• Plan a race strategy (negative split, pacing, competing)

Talk with your coach, advisor, or mentor on how best to cover your race distance. It might be by running at a specific pace for a distance, then kicking it up a notch for the finish. Whatever it is, practice that feeling during training.

  • Find a dinner meal that won't leave you feeling yucky

  • Practice your warmup routine and tweak as necessary

Your warmup is the bridge between not running and running fast. You NEED to have a warmup routine. You can find mine here.

  • Do you need to run the day before your race? If so, how far?  

Some heavy-duty mileage people need to keep their mileage up to feel good. Others, like me, don’t need to do much prior to race day. As the saying goes, “the hay’s in the barn” definitely applies to me. That being said, I still want and need to run the day before a race.


You need to have a plan for your racing - whether it’s your peak race or not. The bullets above will help get you to your start line firing on all cylinders. Be smart with your training and take into account everything you can and your race will go well.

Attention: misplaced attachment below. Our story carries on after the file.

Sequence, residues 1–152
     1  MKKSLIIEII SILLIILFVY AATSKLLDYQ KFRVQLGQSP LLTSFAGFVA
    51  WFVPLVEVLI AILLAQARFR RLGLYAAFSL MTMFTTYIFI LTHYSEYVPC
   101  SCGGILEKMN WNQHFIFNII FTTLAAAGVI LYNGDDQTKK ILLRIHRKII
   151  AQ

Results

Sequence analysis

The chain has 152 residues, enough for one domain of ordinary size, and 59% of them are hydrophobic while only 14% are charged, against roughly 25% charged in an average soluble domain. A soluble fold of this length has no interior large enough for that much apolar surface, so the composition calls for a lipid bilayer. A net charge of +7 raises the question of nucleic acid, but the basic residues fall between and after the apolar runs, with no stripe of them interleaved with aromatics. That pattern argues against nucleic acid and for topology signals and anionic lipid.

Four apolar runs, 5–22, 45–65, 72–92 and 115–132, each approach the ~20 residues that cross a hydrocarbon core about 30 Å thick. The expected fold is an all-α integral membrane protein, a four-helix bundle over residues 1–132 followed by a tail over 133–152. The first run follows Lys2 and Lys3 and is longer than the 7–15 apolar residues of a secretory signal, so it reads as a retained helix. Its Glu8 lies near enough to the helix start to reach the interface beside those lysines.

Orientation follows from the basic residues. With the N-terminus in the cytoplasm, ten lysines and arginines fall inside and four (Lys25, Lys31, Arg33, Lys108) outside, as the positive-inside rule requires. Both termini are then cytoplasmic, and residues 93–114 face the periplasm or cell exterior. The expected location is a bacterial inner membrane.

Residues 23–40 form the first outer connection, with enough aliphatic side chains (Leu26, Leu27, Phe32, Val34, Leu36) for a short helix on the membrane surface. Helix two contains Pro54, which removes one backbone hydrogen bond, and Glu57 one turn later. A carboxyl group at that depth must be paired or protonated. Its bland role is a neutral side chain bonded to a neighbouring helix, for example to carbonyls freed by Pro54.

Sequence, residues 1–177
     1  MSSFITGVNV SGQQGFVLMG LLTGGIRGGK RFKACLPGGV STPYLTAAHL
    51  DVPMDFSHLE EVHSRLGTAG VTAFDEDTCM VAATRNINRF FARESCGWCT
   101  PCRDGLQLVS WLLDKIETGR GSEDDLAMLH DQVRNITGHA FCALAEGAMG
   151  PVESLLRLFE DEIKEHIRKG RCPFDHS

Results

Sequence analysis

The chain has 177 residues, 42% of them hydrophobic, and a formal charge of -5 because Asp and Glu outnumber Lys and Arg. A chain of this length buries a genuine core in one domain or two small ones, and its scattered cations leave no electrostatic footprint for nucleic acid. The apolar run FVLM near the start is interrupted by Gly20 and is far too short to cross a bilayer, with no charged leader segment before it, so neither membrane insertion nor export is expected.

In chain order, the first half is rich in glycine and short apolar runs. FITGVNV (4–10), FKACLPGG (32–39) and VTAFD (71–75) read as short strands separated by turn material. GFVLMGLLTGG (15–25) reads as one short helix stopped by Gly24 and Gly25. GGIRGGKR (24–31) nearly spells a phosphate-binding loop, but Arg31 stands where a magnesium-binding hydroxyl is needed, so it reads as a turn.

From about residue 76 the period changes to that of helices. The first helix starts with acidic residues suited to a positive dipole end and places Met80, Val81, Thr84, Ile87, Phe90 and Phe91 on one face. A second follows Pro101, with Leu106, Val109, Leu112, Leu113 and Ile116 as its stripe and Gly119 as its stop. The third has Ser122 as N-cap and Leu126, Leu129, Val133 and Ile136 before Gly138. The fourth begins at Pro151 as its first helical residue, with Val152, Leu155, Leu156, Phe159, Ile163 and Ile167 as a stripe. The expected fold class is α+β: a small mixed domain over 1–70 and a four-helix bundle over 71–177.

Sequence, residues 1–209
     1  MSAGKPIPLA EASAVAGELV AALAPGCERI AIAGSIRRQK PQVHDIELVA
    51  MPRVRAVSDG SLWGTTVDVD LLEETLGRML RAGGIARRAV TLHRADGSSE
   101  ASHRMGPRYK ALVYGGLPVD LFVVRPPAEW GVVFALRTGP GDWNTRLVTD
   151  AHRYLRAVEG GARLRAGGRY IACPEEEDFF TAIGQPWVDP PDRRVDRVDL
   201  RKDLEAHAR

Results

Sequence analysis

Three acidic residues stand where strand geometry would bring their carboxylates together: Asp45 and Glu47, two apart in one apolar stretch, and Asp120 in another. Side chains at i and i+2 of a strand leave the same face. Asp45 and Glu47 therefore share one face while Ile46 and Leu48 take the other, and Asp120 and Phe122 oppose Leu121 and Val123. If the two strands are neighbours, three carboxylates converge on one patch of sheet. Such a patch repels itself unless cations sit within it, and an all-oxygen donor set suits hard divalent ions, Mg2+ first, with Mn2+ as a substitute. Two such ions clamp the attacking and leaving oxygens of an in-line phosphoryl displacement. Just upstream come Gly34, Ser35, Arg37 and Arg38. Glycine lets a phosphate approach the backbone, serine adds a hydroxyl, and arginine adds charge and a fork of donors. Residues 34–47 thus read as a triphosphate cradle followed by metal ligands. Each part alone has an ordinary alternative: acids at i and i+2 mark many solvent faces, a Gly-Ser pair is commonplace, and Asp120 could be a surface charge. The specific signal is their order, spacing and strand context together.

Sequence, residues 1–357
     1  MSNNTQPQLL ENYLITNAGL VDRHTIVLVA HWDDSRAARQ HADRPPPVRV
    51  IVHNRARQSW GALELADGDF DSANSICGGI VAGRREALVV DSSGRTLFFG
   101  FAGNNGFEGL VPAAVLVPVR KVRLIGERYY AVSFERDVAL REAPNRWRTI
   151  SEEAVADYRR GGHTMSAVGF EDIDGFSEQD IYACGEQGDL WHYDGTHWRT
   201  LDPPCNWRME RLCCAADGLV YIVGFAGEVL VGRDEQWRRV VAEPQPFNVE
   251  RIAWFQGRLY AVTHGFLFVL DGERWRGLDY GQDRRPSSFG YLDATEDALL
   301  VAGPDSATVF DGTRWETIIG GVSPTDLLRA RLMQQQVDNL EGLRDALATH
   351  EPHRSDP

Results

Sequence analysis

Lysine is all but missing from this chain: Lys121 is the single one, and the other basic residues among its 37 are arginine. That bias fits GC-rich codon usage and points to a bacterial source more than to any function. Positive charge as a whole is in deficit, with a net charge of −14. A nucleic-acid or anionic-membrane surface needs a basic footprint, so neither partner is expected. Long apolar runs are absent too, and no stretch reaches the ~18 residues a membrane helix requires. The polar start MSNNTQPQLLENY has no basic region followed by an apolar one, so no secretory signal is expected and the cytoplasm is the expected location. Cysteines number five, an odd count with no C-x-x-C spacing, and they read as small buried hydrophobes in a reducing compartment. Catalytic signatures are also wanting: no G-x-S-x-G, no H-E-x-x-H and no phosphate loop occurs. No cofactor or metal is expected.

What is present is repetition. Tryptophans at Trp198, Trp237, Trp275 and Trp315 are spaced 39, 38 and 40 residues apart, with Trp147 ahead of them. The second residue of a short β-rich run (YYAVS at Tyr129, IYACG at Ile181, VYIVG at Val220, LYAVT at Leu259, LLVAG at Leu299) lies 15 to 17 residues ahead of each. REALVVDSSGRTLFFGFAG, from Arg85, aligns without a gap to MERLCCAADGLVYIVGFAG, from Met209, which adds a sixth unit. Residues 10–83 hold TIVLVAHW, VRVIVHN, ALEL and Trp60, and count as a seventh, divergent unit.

Friday’s Action Plan:

Racing is more than showing up. Plan for what will go right, but also what will go wrong.

What’s Got My Attention:

Article: How to race a marathon like Olympic Bronze Medal-Winner Molly Seidel 

Article: How to taper right to be fit and ready for your marathon

Popular Articles on the Blog this Week:

Fueling Your Long Run

Make Workouts Easily on your Garmin Watch

LifePro Massage Gun Review

Popular Newsletter Sessions:

Prioritizing Health & Wellness - Sept 2020

Active vs Passive - Sept 2019

Quote of the Day:

If the same mistakes keep repeating themselves, then you have to re-evaluate the role you played and change it.

Connect with me:

Here’s what I’m working on and what I’d love you to check out:

What Marc's Up To

Thanks for following along on the journey! Have something you’d like to add? Have suggestions or comments? Email me: TrainwithMarc@gmail.com

If this resonates with you, I would love it if you could share it.

Share TrainwithMarc


Marc is a middle school teacher and coach but also works with distance runners online. I help distance runners around the globe by providing support, writing customized training plans, and designing workouts to help them reach their racing goals. I write for my blog every Wednesday morning and newsletter every Friday morning.

Loading more posts…